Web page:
COSSA and SAGE Publishing will host a Congressional briefing on Wednesday, October 4 on Social Science Solutions for Health, Public Safety, Computing, and Other National Priorities. The event will feature authors of past Why Social Science? blog posts, including Representative Dan Lipinski (D-IL); Andrew Bernat, Computing Research Association; Nancy La Vigne, The Urban Institute; and William Riley, National Institutes of Health. The briefing will take place at noon in room 2075 of the Rayburn House Office Building. RSVPs are still being accepted here. For those unable to attend in person, the briefing will be livestreamed on COSSA’s Facebook page.

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Posted in Issue 19 (October 3), Update, Volume 36 (2017)

Research!America Answers “Why Social Science?”

why-social-scienceThis week’s Why Social Science? guest post comes from Mary Woolley, President and CEO of Research!America, who writes about how research in the social and behavioral sciences has led to life-saving interventions. Read it here and subscribe.

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Posted in Issue 19 (October 3), Update, Volume 36 (2017)

The Computing Research Association Answers “Why Social Science?”

why-social-scienceThis week’s Why Social Science? guest post comes from Andrew Bernat, Executive Director of the Computing Research Association, who writes about how insights from the social and behavioral sciences enhance the work of computer scientists. Read it here and subscribe.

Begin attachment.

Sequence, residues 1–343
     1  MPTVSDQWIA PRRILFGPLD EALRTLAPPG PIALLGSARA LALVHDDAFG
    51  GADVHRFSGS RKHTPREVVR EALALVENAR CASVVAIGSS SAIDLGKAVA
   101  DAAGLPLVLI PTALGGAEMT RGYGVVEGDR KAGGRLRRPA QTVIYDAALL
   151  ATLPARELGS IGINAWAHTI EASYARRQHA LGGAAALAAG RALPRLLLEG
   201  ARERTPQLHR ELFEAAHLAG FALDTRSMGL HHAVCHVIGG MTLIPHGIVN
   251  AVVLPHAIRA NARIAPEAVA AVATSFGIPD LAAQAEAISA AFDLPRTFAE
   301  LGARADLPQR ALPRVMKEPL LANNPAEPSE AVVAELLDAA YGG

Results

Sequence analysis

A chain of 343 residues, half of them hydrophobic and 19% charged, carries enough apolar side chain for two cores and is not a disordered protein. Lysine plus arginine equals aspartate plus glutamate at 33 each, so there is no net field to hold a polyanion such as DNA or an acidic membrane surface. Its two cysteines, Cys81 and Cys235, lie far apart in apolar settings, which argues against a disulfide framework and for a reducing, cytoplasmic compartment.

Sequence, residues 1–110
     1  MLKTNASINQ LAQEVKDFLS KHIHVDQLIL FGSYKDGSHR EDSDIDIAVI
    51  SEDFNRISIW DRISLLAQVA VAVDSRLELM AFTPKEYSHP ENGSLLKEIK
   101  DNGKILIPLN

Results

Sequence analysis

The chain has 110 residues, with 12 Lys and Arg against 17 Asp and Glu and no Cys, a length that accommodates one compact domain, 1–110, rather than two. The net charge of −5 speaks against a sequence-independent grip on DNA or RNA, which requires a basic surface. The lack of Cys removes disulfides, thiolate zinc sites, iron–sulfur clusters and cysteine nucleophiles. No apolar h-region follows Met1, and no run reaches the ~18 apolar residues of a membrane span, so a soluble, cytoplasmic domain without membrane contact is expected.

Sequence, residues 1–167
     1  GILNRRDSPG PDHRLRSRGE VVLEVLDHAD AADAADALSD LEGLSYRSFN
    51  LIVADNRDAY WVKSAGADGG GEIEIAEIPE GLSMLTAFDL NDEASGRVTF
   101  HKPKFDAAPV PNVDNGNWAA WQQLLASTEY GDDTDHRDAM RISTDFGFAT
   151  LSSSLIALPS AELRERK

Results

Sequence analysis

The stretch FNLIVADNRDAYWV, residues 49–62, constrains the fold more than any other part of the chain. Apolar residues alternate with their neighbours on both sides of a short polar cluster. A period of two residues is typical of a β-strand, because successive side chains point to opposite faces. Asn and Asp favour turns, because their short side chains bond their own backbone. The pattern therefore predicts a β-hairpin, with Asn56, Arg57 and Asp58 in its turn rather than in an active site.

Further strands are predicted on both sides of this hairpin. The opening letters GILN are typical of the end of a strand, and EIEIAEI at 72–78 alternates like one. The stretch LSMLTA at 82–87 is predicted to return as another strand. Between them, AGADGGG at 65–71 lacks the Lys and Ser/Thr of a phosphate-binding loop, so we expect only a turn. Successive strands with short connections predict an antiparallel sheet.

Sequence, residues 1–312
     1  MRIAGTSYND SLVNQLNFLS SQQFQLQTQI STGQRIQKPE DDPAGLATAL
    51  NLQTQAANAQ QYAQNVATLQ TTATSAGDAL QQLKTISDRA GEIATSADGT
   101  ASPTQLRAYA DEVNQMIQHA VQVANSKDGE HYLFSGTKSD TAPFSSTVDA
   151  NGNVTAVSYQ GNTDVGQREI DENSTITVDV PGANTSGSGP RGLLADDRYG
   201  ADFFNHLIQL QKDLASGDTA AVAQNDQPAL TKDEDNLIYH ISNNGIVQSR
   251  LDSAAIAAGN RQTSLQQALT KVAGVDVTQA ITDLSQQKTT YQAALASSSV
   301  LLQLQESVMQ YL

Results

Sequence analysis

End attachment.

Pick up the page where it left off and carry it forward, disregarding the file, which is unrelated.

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Posted in Issue 18 (September 19), Update, Volume 36 (2017)

The American Educational Research Association Answers “Why Social Science?”

Twhy-social-sciencehis week’s Why Social Science? guest post comes from Juliane Baron of the American Educational Research Association, who writes about how education research has challenged our assumptions about how we learn and helped us improve the way we teach students. Read it here and subscribe.

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Posted in Issue 17 (September 5), Update, Volume 36 (2017)

The American Political Science Association Answers “Why Social Science?”

why-social-scienceThis week’s Why Social Science guest post comes from Steven Rathgeb Smith, Executive Director of the American Political Science Association, who writes about how political science helps us understand and engage with our political and social systems an
d institutions. Read it here and subscribe.

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Posted in Issue 15 (July 25), Update, Volume 36 (2017)